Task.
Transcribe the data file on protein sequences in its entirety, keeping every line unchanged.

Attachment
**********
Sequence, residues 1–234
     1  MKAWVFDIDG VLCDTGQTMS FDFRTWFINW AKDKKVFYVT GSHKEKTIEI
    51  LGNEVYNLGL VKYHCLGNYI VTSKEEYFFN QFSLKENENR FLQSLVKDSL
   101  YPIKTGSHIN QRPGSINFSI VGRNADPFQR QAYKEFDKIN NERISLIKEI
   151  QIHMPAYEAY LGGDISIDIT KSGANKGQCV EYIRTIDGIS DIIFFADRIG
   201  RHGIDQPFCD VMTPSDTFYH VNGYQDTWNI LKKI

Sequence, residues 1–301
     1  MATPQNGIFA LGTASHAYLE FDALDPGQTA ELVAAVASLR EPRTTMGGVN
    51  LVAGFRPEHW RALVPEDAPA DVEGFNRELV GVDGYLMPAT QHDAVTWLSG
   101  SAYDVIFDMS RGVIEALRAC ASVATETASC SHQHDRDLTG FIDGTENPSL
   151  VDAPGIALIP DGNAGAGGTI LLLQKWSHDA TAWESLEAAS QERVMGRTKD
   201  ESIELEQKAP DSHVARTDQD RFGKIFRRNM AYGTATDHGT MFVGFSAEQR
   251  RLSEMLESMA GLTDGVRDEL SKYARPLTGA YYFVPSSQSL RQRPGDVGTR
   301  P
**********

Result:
Sequence, residues 1–234
     1  MKAWVFDIDG VLCDTGQTMS FDFRTWFINW AKDKKVFYVT GSHKEKTIEI
    51  LGNEVYNLGL VKYHCLGNYI VTSKEEYFFN QFSLKENENR FLQSLVKDSL
   101  YPIKTGSHIN QRPGSINFSI VGRNADPFQR QAYKEFDKIN NERISLIKEI
   151  QIHMPAYEAY LGGDISIDIT KSGANKGQCV EYIRTIDGIS DIIFFADRIG
   201  RHGIDQPFCD VMTPSDTFYH VNGYQDTWNI LKKI

Sequence, residues 1–301
     1  MATPQNGIFA LGTASHAYLE FDALDPGQTA ELVAAVASLR EPRTTMGGVN
    51  LVAGFRPEHW RALVPEDAPA DVEGFNRELV GVDGYLMPAT QHDAVTWLSG
   101  SAYDVIFDMS RGVIEALRAC ASVATETASC SHQHDRDLTG FIDGTENPSL
   151  VDAPGIALIP DGNAGAGGTI LLLQKWSHDA TAWESLEAAS QERVMGRTKD
   201  ESIELEQKAP DSHVARTDQD RFGKIFRRNM AYGTATDHGT MFVGFSAEQR
   251  RLSEMLESMA GLTDGVRDEL SKYARPLTGA YYFVPSSQSL RQRPGDVGTR
   301  P